Breakfast and brunch is a tasty, and big, business. A national leader in the industry has called the region home for nearly 35 years — and now it’s growing at a rapid-fire rate.

by: Mark Gordon Managing Editor, East County Observer

In national restaurant circles, First Watch is a rock star. The latest accolade: Nation’s Restaurant News named the company — credited with popularizing the concept of being open only for breakfast and lunch — the second-fastest growing restaurant chain nationwide, ranked by sales growth. The top 10 includes Chick-fil-A, Tropical Smoothie Café and the No. 1 chain, Shake Shack. First Watch grew sales 48.55% in 2019, from $354 million in 2018 to $525.8 million.

More praise: In a survey from employee engagement company Glassdoor, First Watch made the top 10 among all brands nationally in three categories: percentage of employees who would recommend their job to a friend, percentage of employees with a positive business outlook and CEO approval ratings.

Yet First Watch, on a corporate level at least, is often anonymous in its hometown — east Manatee County.

Now in a headquarters in a University Park office complex, off Cooper Creek Boulevard, First Watch was previously located in an office in a Lakewood Ranch corporate park. It’s been based in the area since 1986, soon after co-founders Ken Pendery and John Sullivan opened the first First Watch, in California, in 1983. Some 150 people work in the corporate office, lending support to the company’s 395 First Watch locations spread through nearly 30 states.

First Watch is expected to move into its new headquarters, visible from Interstate 75 between State Road 70 and University Parkway, at the end of 2020.

“I meet people around here all the time who have no idea how big we are or that we even have our headquarters here,” says First Watch President and CEO Chris Tomasso, a Sarasota native who has been with the company since 2006. That’s not necessarily a bad thing, Tomasso adds, given the company’s ethos aren’t flashy but instead based on the golden rule principle and the motto “You first.”

First Watch is on the cusp of getting more local notoriety with a new headquarters project. Under construction now behind its current space, the company’s new home office is planned as a two-story, 39,000-square-foot complex. It will include a workout center with locker rooms, a test kitchen and classroom facilities for the company’s management center. The company, Tomasso says, is planning to move into it at the end of the year, and the entire project “further entrenches us in the market here.”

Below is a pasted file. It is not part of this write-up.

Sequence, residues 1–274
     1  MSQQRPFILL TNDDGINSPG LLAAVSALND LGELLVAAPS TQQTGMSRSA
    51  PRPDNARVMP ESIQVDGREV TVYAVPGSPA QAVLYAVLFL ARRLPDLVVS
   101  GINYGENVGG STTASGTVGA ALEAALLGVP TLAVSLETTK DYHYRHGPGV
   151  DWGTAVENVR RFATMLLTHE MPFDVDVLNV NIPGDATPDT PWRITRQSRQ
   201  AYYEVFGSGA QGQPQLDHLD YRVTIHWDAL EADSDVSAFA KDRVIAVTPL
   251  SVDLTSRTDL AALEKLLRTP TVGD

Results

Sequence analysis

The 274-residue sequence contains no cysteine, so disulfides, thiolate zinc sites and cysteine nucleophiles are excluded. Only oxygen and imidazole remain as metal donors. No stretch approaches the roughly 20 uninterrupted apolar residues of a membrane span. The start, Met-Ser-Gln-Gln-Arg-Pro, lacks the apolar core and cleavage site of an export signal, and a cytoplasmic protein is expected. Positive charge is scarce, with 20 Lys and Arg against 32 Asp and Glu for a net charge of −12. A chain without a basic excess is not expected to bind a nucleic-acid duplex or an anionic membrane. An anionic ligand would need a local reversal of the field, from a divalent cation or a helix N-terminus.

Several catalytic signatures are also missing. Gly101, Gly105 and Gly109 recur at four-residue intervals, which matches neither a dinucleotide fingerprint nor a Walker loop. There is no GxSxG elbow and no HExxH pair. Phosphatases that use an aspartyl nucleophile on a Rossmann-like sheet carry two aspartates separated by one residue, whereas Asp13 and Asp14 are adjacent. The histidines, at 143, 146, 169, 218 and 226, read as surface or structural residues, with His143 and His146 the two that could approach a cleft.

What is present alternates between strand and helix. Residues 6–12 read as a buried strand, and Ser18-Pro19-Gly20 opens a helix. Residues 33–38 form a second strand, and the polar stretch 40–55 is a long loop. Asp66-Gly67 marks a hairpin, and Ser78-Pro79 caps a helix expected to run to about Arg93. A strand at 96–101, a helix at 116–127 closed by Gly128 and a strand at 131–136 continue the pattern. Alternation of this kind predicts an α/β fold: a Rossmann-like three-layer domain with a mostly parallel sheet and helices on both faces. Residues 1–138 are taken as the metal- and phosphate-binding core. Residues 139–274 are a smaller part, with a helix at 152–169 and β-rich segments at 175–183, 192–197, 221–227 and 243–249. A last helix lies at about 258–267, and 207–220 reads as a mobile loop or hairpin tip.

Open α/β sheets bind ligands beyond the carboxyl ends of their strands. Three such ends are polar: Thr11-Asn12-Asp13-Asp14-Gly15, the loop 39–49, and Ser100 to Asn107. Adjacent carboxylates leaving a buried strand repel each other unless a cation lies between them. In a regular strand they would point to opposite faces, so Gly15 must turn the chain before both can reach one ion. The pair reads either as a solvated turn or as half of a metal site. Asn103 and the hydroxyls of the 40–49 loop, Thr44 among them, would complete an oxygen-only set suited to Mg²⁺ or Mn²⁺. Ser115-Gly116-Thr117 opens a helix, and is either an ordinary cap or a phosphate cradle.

Company officials also say the project will lead to at least 85 new jobs, with an expected average annual salary of $82,000. Manatee County commissioners, in return for the jobs, approved a performance-based package of incentives and impact fee reductions for First Watch worth about $390,000. The value of having a national brand with a corporate headquarters in town is high, Bradenton Area Economic Development Corp. CEO Sharon Hillstrom says, and comes with a lot of intangibles. “When you land or have a headquarters, that’s like the golden egg,” Hillstrom says. “They could go anywhere they want, but they chose to stay here. That really helps our cause as a business destination.”


Toast to growth

First Watch grew into its industry leadership role slowly at first and then, over the past decade, like a comet. When Tomasso joined the company 14 years ago, after marketing stints at the Hard Rock Café and Cracker Barrel, it had 60 restaurants in nine states and $60 million a year in sales. It took 20 years to get to that level. Since then, fueled by investments from private equity firms that led to acquisitions, First Watch has grown its restaurant count more than fivefold.

First Watch introduced some alcoholic drinks in June at some Sarasota-area locations.

The recipe behind First Watch’s sustained success, executives say, includes two separate but equally important ingredients: a menu that changes to adapt to and stay ahead of trends and an entrepreneurial culture where employees, particularly store managers, are trusted to make decisions.

On food and drinks, a big change took place in June, when First Watch debuted alcohol, from traditional mimosas to a Million Dollar Bloody Mary. The latter includes gluten-free vodka, house-made bloody mary mix and a strip of First Watch’s Million Dollar Bacon. In recent years, First Watch has also added recently popularized items to the menu, such as quinoa power bowls and avocado toast, while keeping traditional favorites, such as pancakes and omelets.

On culture, meanwhile, the turbulent spring and summer has been a time for First Watch to shine in the face of some difficult coronavirus pandemic challenges. The pandemic, including a temporary closure of its 309 nonfranchised locations, was a rough patch, but the company took a forward-thinking approach on other issues. Notably, on social media, it supported the Black Lives Matter movement with multiple posts, including one on Facebook that had more than 700 combined comments and shares. Yet beyond buzz, Tomasso says it was just as important to him that First Watch’s employees, more than 8,000 people, know the company supports them.

“You want your employees to be proud of the company they work for,” he says. “A lot of the positions we are taking have to do with being a good person — it’s really hard to argue with the ideas of equality and diversity.

“One of the things we’ve been saying around here is we have to get comfortable with being uncomfortable. That allows us to see and hear places where we can improve.”